A US study showing how drinking may cause Alzheimer's adds to previous evidence linking alcohol to the disease, say British experts.
It found too much alcohol damages genes that help clear the rogue proteins that form plaques in the brains of patients.
This destroys neurons - triggering memory loss and confusion. The finding could explain a growing body of evidence linking heavy alcohol consumption with dementia.
Dr David Reynolds, chief scientific officer at Alzheimer's Research UK, said: "While it is difficult to tell exactly what level of alcohol consumption begins to affect the long-term health of the brain, there is strong evidence that regular, heavy drinking increases the risk of dementia.
"This study builds on previous research implicating inflammation in the brain as the process linking alcohol use and Alzheimer's disease, the most common cause of dementia.
"The researchers highlight that alcohol may affect the activity of immune cells that cause inflammation in the brain, and leave them less able to clear away proteins that build up in cells in Alzheimer's disease.
"These are interesting findings, but as the researchers worked with cells from rats, we can't be sure how well this research reflects the effect of alcohol in people.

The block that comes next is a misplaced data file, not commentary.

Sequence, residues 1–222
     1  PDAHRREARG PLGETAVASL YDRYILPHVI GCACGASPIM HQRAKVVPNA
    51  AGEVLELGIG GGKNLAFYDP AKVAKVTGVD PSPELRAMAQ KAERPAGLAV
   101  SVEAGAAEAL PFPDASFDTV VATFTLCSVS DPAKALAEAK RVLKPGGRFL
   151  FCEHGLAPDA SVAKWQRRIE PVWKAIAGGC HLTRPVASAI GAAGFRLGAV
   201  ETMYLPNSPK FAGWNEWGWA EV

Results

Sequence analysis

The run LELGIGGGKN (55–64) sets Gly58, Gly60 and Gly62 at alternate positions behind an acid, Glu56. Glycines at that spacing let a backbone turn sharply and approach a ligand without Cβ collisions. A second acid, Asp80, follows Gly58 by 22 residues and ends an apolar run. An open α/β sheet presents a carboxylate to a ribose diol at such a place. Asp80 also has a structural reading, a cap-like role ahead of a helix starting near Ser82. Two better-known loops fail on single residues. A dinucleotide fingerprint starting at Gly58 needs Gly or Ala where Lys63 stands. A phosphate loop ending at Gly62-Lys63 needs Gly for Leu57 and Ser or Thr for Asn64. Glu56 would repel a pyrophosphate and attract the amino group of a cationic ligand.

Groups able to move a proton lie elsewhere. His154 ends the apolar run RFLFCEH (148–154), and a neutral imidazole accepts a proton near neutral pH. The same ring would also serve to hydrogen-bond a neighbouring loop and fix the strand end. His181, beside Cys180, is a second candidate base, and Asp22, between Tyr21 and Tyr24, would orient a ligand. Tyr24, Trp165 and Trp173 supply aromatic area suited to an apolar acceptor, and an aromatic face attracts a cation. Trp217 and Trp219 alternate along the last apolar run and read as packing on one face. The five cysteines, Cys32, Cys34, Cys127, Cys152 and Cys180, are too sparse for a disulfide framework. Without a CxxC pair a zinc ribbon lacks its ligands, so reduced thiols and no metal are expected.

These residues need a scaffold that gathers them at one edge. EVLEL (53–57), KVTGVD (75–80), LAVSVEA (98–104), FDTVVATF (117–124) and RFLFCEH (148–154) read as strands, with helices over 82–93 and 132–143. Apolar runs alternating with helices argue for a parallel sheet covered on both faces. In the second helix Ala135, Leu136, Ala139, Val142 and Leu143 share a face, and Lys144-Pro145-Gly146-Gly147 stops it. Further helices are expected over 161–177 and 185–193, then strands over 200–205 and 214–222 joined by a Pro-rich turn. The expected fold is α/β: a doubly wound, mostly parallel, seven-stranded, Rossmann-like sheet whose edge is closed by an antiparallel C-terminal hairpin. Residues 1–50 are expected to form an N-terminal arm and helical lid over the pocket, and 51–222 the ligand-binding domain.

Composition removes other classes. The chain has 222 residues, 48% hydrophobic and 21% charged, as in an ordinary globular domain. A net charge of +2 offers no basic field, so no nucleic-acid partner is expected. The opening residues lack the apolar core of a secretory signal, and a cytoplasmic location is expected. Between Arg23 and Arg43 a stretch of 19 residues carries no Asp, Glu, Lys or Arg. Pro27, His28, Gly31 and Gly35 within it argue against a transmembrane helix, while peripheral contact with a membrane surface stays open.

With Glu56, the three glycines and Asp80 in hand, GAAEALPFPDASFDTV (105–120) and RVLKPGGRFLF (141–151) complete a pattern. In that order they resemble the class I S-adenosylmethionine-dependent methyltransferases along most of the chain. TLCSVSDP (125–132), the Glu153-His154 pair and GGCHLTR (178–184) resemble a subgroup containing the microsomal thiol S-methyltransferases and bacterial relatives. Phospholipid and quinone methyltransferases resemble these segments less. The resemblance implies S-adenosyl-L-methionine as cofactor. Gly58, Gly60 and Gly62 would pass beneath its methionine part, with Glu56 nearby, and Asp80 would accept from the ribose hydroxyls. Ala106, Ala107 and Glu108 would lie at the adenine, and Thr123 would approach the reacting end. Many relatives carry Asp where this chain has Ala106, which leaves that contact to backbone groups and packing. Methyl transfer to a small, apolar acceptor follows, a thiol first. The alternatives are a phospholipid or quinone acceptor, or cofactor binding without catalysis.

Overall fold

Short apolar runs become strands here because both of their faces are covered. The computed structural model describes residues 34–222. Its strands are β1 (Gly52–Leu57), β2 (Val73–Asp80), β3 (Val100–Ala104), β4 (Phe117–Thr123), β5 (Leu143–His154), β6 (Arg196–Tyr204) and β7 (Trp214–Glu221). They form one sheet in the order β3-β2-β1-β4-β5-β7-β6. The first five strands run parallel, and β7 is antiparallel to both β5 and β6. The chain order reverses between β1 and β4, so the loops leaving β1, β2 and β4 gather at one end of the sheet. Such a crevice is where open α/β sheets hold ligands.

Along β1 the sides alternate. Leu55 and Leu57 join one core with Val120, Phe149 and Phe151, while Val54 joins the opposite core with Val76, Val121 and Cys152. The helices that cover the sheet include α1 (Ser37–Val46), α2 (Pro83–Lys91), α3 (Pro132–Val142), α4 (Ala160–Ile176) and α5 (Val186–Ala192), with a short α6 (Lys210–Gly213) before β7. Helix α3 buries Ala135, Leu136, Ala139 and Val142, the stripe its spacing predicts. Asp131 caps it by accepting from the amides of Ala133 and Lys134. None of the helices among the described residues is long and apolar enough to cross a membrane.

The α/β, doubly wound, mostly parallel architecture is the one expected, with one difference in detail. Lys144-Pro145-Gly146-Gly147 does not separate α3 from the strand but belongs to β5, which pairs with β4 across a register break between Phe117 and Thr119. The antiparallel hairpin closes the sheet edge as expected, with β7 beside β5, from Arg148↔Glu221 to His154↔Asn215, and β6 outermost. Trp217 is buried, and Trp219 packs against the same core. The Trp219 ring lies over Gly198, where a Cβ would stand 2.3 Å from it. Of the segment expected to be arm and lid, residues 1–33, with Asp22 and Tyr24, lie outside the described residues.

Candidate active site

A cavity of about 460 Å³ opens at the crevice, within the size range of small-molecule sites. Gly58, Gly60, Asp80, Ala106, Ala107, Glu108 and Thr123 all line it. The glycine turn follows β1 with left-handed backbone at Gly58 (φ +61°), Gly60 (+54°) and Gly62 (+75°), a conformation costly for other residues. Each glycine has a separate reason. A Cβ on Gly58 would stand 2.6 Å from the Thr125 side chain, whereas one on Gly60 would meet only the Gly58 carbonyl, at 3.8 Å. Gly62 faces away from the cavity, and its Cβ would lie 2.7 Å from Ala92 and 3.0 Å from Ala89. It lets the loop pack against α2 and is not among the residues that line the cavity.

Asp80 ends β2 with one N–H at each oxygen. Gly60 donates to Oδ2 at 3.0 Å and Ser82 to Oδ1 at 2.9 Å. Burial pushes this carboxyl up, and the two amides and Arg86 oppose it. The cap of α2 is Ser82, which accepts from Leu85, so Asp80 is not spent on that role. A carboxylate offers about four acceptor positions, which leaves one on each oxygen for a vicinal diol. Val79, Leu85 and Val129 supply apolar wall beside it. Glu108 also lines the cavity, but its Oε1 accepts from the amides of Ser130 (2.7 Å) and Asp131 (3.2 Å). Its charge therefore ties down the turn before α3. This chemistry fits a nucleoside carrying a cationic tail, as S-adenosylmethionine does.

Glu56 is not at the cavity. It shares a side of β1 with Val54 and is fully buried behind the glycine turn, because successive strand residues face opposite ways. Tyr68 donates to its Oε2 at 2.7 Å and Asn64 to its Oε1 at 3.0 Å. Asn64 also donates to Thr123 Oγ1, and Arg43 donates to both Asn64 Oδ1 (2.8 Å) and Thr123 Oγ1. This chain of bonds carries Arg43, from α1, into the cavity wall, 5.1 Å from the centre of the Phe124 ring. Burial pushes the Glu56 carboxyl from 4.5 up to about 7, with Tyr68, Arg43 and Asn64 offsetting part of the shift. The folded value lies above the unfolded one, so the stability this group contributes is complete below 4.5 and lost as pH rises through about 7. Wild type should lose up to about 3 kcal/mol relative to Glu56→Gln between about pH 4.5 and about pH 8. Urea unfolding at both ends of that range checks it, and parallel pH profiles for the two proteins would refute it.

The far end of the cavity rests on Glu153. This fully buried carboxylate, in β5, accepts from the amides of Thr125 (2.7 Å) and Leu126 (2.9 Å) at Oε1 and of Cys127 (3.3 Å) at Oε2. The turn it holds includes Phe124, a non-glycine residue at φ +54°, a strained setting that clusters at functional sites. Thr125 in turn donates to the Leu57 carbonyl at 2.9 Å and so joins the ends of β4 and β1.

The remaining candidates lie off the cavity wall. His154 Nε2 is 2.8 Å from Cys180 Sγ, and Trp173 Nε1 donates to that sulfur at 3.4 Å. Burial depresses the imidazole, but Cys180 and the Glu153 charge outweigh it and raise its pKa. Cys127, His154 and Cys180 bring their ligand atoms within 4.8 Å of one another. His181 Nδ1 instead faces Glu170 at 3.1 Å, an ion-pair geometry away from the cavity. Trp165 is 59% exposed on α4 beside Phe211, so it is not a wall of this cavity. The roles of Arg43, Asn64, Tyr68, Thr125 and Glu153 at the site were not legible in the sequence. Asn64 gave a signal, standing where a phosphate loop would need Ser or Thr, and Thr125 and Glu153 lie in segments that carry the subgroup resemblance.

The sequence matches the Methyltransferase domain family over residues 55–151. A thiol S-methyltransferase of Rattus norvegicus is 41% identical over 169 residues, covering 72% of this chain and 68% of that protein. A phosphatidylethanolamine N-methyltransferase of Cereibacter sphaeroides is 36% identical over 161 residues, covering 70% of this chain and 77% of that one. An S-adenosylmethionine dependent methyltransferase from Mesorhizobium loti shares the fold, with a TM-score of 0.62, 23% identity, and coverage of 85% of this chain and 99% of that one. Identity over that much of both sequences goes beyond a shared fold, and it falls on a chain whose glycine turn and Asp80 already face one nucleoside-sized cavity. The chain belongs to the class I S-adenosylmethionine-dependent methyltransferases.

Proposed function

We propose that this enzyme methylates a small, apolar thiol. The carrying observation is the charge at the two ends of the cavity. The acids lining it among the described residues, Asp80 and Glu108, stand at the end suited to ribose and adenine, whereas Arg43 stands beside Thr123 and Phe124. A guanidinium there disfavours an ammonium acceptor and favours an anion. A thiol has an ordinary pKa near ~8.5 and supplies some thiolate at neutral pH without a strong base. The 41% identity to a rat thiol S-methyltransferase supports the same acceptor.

"The researchers exposed cells to a level of alcohol equivalent to very heavy binge drinking, and it is not clear whether this day-long procedure provides a useful insight into how cells in the brain are affected by alcohol over the course of someone's life.
"While we don't fully understand all the long-term health effects of alcohol use, not drinking to excess is linked to better brain health as well as a number of other benefits.
Dementia and alcohol consumption have been linked in thenew study
"Guidelines set out by the Chief Medical Officer advise men and women not to regularly exceed 14 units of alcohol over the course of a week."
Dr James Pickett, head of research at Alzheimer's Society, added: "We've known for some time that drinking alcohol excessively can damage the brain and increase the risk of developing dementia.
"This research highlights our brain's immune system as another potential reason for this link - but because it studied cells rather than people, it is not clear how the findings would translate to real life.
"Dementia is now the UK's biggest killer, and with no new drugs in 15 years, we are investing in dementia risk reduction research because it is vital to find ways people can protect against the disease.
"There is good evidence to suggest that a healthy lifestyle '“ drinking responsibly, exercising, eating well and not smoking '“ can help to reduce dementia risk."
The study by the University of Illinois, Chicago, is published in the Journal of Neuroinflammation.